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Penalties could soon increase for false alarms to which police respond

If city council approves changes to the alarm response bylaw, the amendments could go into effect as early as April 12
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Homeowners and business owners with a security system that regularly creates false alarms and requires police response could soon pay a higher financial penalty. 

During the March 22 executive committee meeting, city council voted unanimously on a recommendation to have city administration bring forward an updated alarm response bylaw to the next regular meeting for three readings and possible approval. 

The purpose of the bylaw is to allow the continuation of the alarm response service, set the terms and conditions of the use of the service, and set the fees for the use of the service. 


Members of the Board of Police Commissioners discussed this issue during a meeting in September 2020. They then passed a motion recommending to council that the current registration fee increase to $25 from $15 and the false alarm fee increase to $100 from $75. 

The board then forwarded the recommendation to the office of the city clerk/city solicitor for consideration. 

Reason for increase

The hike in financial penalties reflects the increased cost to administer the bylaw and the cost of the service itself, a council report explained. Moreover, there are overhead costs to operate this bylaw, while a full-time employee with the Moose Jaw Police Service works 25 per cent of the time to handle the billing and administrative work for false alarms.

Statistical data

The police service provided city hall with statistics from the last three years about alarm registrations and responses to false alarms. The statistics show:

False alarm calls

  • 2018: 308 calls
  • 2019: 381 calls
  • 2020: 236 calls
  • Total: 925 false alarm calls

False alarm calls charged $75

  • 2018: 94 calls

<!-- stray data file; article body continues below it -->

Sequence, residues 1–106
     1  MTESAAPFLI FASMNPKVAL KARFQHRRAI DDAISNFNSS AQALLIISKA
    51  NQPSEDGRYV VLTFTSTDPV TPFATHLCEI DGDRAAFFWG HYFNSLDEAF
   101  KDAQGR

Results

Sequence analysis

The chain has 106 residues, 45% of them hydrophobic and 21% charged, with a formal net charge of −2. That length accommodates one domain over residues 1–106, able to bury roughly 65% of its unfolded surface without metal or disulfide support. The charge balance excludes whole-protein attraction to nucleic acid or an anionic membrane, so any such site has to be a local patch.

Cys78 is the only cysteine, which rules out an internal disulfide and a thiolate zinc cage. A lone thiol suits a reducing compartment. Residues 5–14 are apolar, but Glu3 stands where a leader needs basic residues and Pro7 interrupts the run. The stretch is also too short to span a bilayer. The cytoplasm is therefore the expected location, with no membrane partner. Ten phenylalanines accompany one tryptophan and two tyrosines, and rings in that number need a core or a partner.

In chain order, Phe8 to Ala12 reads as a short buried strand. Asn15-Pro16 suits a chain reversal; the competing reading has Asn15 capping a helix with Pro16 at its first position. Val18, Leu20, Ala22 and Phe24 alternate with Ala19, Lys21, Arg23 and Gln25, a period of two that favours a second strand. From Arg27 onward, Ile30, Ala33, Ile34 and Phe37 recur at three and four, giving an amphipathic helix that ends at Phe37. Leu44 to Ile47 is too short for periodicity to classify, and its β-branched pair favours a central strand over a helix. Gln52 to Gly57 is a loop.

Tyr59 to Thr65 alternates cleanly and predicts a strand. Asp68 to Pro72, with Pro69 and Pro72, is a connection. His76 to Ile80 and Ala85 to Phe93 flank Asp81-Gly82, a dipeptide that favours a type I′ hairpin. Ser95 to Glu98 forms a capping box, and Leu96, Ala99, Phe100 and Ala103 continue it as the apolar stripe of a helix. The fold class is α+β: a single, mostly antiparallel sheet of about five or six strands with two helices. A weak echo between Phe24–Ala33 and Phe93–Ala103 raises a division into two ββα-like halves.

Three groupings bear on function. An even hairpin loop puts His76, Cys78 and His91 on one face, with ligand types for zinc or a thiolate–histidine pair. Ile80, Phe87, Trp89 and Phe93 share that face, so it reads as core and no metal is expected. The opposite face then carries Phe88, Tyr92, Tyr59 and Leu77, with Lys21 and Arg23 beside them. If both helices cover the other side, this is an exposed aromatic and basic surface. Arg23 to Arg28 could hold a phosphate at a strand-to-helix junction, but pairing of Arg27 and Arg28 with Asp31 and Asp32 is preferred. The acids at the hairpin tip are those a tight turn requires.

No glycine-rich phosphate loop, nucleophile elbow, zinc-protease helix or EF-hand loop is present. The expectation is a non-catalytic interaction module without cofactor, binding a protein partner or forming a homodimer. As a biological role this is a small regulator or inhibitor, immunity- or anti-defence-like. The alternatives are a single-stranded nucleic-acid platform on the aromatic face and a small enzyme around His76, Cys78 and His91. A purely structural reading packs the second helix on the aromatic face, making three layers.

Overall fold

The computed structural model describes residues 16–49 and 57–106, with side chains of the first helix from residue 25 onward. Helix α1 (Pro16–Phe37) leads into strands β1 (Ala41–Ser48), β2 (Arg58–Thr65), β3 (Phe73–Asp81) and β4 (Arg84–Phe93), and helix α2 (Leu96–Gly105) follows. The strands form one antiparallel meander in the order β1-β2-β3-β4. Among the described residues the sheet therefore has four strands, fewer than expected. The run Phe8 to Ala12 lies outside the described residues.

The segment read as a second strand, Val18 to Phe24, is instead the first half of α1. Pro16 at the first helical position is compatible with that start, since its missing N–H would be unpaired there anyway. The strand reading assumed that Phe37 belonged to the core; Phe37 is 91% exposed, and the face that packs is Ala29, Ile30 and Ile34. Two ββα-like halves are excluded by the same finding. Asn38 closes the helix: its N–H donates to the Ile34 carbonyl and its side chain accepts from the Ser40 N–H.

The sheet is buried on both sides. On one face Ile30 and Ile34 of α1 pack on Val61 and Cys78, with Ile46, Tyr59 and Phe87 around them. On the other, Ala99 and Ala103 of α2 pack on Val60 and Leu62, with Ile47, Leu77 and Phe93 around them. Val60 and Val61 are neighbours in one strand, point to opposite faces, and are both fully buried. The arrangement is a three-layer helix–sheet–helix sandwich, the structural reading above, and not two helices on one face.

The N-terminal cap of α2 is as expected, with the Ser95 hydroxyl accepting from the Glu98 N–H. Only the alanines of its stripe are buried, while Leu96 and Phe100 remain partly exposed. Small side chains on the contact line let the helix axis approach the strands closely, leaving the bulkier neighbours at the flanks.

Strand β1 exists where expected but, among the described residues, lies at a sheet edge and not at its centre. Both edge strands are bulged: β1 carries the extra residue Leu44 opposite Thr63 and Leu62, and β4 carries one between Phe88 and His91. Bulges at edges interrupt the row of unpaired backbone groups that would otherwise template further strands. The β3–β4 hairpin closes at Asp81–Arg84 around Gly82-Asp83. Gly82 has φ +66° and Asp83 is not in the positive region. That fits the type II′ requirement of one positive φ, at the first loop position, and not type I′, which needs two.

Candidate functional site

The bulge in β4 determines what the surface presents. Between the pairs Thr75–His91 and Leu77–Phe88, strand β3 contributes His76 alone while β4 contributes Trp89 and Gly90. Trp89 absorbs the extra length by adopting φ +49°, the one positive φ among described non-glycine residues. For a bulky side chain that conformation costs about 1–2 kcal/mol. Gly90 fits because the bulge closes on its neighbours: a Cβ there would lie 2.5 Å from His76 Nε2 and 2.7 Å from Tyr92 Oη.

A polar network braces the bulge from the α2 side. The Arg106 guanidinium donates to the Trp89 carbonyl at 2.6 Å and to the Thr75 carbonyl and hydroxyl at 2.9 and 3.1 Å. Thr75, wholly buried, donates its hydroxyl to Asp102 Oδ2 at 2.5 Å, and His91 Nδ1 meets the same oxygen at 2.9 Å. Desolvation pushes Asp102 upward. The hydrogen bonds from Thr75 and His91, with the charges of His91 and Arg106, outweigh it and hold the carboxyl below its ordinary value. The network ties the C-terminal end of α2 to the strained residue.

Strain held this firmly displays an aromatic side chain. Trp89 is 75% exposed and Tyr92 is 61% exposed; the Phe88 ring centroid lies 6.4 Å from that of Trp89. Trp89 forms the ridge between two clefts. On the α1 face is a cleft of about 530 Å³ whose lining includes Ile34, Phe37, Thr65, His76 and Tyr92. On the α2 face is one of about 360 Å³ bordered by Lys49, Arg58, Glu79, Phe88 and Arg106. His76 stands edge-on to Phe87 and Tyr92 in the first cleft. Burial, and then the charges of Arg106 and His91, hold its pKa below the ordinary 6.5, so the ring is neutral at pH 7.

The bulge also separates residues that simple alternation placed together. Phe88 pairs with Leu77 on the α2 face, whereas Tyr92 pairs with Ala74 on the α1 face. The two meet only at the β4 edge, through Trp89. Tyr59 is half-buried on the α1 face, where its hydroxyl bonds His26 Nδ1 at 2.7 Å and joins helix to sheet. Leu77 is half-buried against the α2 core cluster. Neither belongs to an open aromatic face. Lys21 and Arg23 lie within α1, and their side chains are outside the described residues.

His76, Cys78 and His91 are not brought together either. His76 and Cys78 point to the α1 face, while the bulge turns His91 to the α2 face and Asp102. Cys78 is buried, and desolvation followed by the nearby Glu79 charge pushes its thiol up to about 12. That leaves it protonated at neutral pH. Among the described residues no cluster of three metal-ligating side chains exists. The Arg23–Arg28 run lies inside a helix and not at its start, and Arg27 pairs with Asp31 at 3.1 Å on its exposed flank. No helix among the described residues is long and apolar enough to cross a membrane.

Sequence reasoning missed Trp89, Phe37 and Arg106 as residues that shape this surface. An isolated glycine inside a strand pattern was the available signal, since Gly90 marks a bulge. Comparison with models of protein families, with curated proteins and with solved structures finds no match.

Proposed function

• 2019: 63 calls
  • 2020: 101 calls

Number of new permits

  • 2018: 513 new permits
  • 2019: 343 new permits
  • 2020: 139 new permits

The police service predicts that it will set up 350 to 400 permits this year, the report added.

Council discussion

“So often we have bylaws and we don’t have the resources to affect those bylaws. So I think it’s great that this includes what it will take … to be effective,” said Coun. Heather Eby. 

The initial bylaw has reduced the number of false alarms to which police have responded, noted Coun. Crystal Froese. However, she wanted clarification on how the registration fee worked and how a false alarm affects that fee.

The Moose Jaw Police Service charges a registration fee of $15 to set up the system, then charges an annual $15 renewal fee, police spokeswoman Keri Taschuk explained by video. The agency allows for two false alarms within one year, but with further alarms – or alarms without permits – the police service suspends the permit and forces the business or homeowner to call a 1-900 number while also charging a $75 penalty. 

By increasing the permit registration fee to $25 from $15, it will generate another $20,000 for the organization, Taschuk added. 

“It’s (the bylaw) definitely working,” replied Froese. “It’s a good deterrent. It’s worthwhile. 

The next executive committee meeting is Monday, April 12. 

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